The Rotring cartridge fountain pen glides across Moleskine stock as smoothly as a pencil. Rotring's black ink leaves a very satisfying mark but their red is rather wan. This model has a medium fine nib and a beautifully straight cylindrical barrel with no adornments which makes the grip comfortable, although the proportions are slightly wide; if I'm writing for a longer stretch I tend to change to the more slender Aurora. The Rotring is also very reliable. It has never leaked either in heat or an airplane cabin, and the shaft accommodates a spare second cartridge which cleverly balances the pen. It's also excellent for drawing, which can be a distraction. I have two but can identify this one as the going-away present I received when I left the Auckland City Art Gallery because it has a little dent in the cap.

I don't really like ballpoints but they write on anything so you need to have one. This model has obvious appeal because it's from the Royal Plaza on Scotts Singapore but it also has an extremely satisfying click action. Virgin Atlantic also do an excellent complimentary ballpoint although the clip is loose and easily lost. Flashing either sort about gives lazy thinkers the impression that you're richer and more successful than you are. (Disclosure: VA flight attendants on the Heathrow / LAX do a fantastic gin and tonic.) Both are also light enough to tuck behind your ear. I'm right-handed but put pens behind my left ear because I am contrary. (I can also write left-handed: I was very bored as a child.)

My Aurora uses longer Parker refills and tends to leak. It's fitted with a fine nib but with use the tines have spread to the point where it must be a medium now. I used this pen to write most of Shirker and Electric, using green legal pads because I found the colour soothing and it made the pages easy to spot after being inserted in a white-paged ms. (In New Zealand legal pads came in an onion skin finish but in the UK they're called Conference Pads and are scratchy, thick and no fun.) The Aurora's nib benefits from a smoother writing surface; at the moment I'm mostly using it on the Ryman wire bound Shorthand notebook. Because it's old it tends to leak, especially on planes, and the slit admits too much ink for recycled stock. Nevertheless this is the pen I use most - it's mah thinkin' pen. I use it as often as I use the lap top.

My disposable pen of choice is a Pilot V Ball which is the most precise marker on a Moleskine or almost any other stock. If you want to diagram something, it's ideal. But the short moulded barrels are ridged to secure the cap and the moulding digs after a while, which drives me nuts. What's wrong with a smooth shaft, people? The rolling tip also encourages poor penmanship so after half a page I end up writing like a doctor. I use the black one when I need to make notes or doodle during phone calls, the red to correct a typescript and the green to run big diagonal slashes across the page when I'm juggling the black, red ink and pencilled notes.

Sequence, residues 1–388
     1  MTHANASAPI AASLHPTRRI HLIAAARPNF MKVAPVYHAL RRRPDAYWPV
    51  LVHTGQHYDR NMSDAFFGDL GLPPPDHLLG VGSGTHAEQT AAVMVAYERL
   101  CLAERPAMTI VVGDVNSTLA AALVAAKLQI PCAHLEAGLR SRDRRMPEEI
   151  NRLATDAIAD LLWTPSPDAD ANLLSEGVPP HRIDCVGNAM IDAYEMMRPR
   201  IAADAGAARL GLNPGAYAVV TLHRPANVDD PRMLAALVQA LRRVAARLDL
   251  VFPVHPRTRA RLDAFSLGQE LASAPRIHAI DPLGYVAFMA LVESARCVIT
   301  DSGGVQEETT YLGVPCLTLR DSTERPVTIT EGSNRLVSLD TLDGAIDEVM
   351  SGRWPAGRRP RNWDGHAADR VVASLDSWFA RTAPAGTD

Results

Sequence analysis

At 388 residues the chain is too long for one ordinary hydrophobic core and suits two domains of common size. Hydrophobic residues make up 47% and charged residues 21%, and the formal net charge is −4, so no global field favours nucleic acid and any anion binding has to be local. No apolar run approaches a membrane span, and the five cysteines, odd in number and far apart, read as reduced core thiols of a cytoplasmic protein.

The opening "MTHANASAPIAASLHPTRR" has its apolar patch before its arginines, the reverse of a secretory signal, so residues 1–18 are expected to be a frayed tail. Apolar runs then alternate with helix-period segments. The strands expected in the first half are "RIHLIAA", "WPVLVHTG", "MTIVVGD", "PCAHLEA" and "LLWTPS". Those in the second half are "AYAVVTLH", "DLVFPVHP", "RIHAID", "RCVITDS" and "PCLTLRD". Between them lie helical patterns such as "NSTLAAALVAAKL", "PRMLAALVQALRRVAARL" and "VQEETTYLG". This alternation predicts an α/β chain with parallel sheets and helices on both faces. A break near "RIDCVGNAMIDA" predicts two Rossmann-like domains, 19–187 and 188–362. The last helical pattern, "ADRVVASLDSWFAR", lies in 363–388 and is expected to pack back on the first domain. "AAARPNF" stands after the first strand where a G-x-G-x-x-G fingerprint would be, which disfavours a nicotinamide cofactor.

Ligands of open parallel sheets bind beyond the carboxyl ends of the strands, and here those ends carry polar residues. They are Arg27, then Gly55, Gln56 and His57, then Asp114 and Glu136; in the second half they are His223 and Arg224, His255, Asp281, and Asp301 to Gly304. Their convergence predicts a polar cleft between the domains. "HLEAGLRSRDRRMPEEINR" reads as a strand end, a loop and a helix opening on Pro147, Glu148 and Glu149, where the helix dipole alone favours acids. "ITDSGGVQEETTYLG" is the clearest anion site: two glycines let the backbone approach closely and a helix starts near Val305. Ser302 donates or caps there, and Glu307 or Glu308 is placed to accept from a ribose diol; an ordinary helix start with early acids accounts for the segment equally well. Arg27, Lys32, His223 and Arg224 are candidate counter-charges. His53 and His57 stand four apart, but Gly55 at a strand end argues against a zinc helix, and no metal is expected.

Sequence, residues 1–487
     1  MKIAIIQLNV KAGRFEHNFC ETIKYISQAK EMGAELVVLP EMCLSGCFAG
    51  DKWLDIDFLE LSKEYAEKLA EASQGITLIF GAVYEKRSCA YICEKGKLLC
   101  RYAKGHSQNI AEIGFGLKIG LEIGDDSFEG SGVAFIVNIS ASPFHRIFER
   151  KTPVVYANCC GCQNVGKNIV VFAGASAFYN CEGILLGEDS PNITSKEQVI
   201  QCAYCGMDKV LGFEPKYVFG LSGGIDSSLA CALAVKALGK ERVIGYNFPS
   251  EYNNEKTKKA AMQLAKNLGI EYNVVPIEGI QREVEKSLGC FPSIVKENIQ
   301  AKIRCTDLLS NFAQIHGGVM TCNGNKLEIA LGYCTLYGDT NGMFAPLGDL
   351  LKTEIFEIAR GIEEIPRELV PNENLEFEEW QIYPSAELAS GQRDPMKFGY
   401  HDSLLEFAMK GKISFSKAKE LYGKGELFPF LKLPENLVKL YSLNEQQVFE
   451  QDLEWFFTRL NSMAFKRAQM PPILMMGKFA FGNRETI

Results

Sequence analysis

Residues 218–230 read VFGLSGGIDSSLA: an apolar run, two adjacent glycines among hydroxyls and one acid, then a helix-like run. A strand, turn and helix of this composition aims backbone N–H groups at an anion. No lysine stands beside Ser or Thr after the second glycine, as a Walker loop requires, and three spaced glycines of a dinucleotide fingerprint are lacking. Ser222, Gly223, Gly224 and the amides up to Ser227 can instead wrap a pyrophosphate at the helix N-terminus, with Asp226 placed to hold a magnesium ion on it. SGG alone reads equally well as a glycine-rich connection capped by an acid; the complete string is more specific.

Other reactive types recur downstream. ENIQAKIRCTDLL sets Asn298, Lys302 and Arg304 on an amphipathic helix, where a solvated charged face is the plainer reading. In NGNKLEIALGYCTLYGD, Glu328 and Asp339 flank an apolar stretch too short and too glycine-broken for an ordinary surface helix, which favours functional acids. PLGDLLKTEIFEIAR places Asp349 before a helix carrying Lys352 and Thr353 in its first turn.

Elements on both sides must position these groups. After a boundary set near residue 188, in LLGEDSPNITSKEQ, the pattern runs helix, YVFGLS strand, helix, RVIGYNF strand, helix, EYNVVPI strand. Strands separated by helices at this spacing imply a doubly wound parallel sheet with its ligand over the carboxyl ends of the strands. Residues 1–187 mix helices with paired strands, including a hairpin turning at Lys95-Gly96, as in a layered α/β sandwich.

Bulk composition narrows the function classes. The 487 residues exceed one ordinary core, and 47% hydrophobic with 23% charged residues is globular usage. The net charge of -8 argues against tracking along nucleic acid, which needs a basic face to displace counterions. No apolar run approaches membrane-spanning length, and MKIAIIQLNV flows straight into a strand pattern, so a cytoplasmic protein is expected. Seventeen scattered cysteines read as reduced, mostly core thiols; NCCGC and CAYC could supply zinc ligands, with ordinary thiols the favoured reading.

T bones

November is my favourite month. You can ruin it for me by growing a moustache or writing a novel. There's nothing wrong with writing a draft of a novel in thirty days. Faulkner did, as we are reminded to the point of annoyance; less glowingly, so did Sebastian Faulks when he was paid a gazillion to write a post-Fleming Bond (twenty-eight days for typing and two for sobbing in the shower). A better use for November would be Publish A Novel In A Month.

Terry Southern spent a year on his novels. Specifically he wrote a page a day, then on New Year's (approx) dispatched said 365pp "manuscript" off to some poor bastard of an editor. He had no judgement but he had an amazing talent and instinct for concept - the big shape wired like a switchboard to a wider community of cultural references - which is why he flourished in film even if his storytelling faltered (or wandered, rather) on the page. Southern was simultaneously hard-working and lazy; dogged yet careless. He was English, in other words. Plenty of American authors drank that much and crashed; Southern crashed and kept on going. His son Nile wrote about him in Gadfly in 2001:
Terry used to say to me, "Never take a job just for the money." I was ten years old at the time, and he continued saying it as my friends were doing their summer jobs, which I eventually did as well. "Only take a job that somehow relates to film work, or that informs or facilitates your creativity. "A night watchman" was his favorite suggestion — which, for a kid, of course, was not possible. But the irony is that Terry himself ended up taking so many jobs "just for the money" — and yet they never paid well. It worked like this: someone would find out how to contact him (often by looking him up in the phone book), call him up, bottom-line it by saying they could pay him $5,000 ($2,500 now and $2,500 when he finished), he would say "yes" and it would be another (failed) project under way. If he was lucky, there would be some sort of contract where the Guild minimum was promised. But that would only kick in when a studio picked it up, which they never did.
His work method is described thus:
Early on, Terry developed the habits for composition that remained with him for the rest of his life. "Let discipline be my touchstone," he wrote in his journal of the early '50s, and later, toward fulfilling his minimum "page a day," he would say, "Get up, no matter what time, have coffee and go to the desk. Chain yourself to the chair."